If you take time to think about it, it's tough enough on kids to be the children of divorced parents. It is difficult for them to understand that it's okay to love both parents and to depend on both parents when they’ve chosen to end the marriage. Worst of all, it's terrifying for kids to witness their divorced parents fight. Some studies have even shown that divorced parents who fight in front of their kids can cause more harm than did the divorce itself.
Many people who are divorcing try to control their exes, which is altogether futile. Others try to hurt their exes by tying up the divorce in court, subjecting their children to court appearances and exposing them to many things that should be of no concern to them. Exes typically fight over child support, visitation, and custody agreements. Involving your children in these conflicts and subjecting them to nasty court drama only adds to their emotional scars. Anger and fighting only escalates the conflict. In the end, the ones who lose are the children.
Parents who scream and fight in front of their children obviously have difficulty controlling their anger and frustration with their ex to the point that they fail to realize how damaging it can be. One should never belittle their child's other parent in front of the child as you risk of permanently affecting your child's self-esteem. Children tend to blame themselves when parents split up. When you criticize your ex in front of your child, they may feel as though they are being criticized since your child is one-half of that parent as well as one-half of you. Both parents should focus on what is best for their children and make a concerted effort to not engage in this kind of behavior.
Many times, guilt surrounding how a person acted while married plays a large part in how they act during a divorce. Some people blame their exes instead of taking responsibility for what they have done wrong in the marriage. Consider that last sentence if you, yourself, tend to act out and blame your ex.
Just as you would not allow your children to curse, taunt or threaten others, your doing so, especially in front of them and to their other parent, is unacceptable. Always trying to have the last word, picking fights and threatening to go back to court over small issues sets a negative example for your children and only causes more trauma and confusion. Parental stress affects children tremendously and if you criticize and disparage your ex around your children, it absolutely affects them negatively. Keep your integrity and don't lower yourself to badmouth or fight with your ex.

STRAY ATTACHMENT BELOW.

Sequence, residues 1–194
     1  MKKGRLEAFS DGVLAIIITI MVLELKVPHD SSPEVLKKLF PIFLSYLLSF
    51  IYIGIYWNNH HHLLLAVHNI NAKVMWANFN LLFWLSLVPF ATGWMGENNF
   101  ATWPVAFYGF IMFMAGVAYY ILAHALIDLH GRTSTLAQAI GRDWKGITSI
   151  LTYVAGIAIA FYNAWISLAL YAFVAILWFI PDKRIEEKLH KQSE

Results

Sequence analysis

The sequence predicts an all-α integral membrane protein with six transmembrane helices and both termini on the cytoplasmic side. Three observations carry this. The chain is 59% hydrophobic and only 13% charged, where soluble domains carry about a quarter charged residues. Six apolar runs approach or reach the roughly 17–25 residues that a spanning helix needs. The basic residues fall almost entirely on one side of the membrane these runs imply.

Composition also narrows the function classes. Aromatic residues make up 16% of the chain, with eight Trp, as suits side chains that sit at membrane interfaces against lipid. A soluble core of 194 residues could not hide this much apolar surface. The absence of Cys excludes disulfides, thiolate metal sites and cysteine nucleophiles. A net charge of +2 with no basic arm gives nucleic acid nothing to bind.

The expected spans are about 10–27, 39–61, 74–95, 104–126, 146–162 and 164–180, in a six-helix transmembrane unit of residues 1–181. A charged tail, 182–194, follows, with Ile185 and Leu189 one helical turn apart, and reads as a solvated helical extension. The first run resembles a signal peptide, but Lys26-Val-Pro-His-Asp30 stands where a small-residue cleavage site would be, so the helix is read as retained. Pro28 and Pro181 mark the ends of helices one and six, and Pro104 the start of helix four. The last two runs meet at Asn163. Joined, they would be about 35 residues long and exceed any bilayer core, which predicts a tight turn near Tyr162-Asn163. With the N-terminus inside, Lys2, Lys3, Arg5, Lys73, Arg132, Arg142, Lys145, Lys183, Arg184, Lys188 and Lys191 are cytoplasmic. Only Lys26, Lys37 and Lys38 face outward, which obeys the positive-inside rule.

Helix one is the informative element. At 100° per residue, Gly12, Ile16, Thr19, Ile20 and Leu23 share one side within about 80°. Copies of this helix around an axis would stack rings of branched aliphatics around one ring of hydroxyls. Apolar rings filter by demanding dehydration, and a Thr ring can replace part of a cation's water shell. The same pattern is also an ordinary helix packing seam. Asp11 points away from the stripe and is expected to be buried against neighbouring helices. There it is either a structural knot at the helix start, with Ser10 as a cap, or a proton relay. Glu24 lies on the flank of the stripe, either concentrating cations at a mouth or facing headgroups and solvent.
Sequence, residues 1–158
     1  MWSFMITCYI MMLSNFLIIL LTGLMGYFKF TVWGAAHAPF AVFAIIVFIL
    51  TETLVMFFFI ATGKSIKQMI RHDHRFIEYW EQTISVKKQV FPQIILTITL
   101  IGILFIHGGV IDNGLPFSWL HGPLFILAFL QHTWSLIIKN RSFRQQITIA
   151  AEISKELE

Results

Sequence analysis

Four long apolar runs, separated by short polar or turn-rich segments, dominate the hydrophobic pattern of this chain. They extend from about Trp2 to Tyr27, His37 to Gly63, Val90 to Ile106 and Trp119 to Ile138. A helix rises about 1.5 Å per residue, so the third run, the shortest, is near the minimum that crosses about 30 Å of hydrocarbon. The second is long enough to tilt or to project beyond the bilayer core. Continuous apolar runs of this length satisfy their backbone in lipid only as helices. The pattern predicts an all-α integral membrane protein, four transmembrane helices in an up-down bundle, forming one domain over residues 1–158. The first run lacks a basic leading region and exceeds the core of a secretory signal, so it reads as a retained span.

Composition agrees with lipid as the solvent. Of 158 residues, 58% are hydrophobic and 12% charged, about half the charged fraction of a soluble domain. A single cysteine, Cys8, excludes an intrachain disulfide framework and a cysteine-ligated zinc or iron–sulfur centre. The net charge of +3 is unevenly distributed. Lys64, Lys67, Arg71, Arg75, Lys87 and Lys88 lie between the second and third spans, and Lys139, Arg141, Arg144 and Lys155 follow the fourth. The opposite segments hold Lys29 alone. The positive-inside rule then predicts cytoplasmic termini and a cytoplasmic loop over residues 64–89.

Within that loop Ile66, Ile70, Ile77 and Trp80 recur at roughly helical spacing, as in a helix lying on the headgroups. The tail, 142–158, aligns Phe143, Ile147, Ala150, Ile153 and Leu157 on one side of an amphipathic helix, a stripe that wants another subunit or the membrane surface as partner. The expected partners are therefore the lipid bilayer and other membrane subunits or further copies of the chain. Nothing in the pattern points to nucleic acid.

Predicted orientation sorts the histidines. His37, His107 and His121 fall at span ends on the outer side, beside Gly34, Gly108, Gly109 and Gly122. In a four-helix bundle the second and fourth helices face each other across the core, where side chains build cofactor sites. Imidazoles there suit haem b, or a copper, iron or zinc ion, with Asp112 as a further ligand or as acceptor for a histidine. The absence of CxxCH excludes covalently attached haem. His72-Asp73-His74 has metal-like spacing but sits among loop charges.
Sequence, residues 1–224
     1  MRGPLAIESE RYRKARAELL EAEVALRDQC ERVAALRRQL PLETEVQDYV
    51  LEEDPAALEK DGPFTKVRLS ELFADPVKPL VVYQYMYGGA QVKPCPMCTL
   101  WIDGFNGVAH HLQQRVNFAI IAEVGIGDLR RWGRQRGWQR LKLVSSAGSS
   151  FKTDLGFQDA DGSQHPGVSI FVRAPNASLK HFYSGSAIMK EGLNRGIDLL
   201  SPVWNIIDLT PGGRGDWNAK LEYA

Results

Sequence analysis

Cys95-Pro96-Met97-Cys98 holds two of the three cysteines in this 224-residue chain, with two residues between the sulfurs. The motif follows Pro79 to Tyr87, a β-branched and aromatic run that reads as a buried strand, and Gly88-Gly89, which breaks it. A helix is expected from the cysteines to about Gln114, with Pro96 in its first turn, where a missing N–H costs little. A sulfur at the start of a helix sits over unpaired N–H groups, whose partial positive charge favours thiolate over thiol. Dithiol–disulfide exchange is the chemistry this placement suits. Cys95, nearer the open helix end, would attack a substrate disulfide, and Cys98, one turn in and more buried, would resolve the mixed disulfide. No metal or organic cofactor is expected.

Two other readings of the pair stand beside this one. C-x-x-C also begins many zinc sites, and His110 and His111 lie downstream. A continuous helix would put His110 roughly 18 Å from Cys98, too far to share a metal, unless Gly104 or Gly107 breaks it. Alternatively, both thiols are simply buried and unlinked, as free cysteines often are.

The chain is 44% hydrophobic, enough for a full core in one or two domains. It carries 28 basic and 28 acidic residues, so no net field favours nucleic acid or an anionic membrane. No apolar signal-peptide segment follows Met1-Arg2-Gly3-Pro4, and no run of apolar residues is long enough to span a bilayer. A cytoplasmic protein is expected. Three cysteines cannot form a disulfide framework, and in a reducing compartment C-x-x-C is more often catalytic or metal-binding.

So, now that you are committed to growing up and not badmouthing, threatening, or fighting with your ex, there are many things you can do to ensure an easier transition for your kids during and after your divorce. The following are five important things to consider
- Never speak negatively about your ex when your children are anywhere near enough to overhear you. Children will eventually bond with the parent, or both parents, when they feel safe. Your kids cannot feel safe with you if you are bashing your ex.
- Never ask your child to convey a message to your ex. This puts your child in the middle of your drama, which is unfair and stressful for them. Suck it up and communicate directly (and fairly) with your ex.
- Try to think of your ex as the mother or father of your children, rather than as “The Ex”. The goal is to work together with the other parent of your children to become the best parents possible.
- Remember that you chose this person earlier in your life, so this person must have some good qualifies. Focus on those good, positive qualities, rather than on the negative ones.
- Never ask your children questions about what your ex is doing or grill them about who your ex is seeing or spending time with. Grilling your children will, again, cause stress AND cause you to lose their trust.
The best way to proceed with your ex after a divorce is for both of you to sit down and figure out the best way to proceed with raising your children in a healthy, amicable way. Remember that any good parent puts the needs of their children above all others during such a time. Although it may be tough at times to hold your tongue in the presence of your children, later down the road you will be glad that you did. Your children will most likely be closer to the parent who doesn't play games during the divorce.
The Relationship Center of Orange County has experienced counselors available to speak with your children and help them through all the phases of divorce. Although your children may talk to you about nearly anything, it can help to put them in touch with a counselor who is not involved or attached to either parent. Children need a confidant who will allow them to vent about both parents, without feeling judged. Call today at 949-220-3211, or schedule an appointment via our online calendar.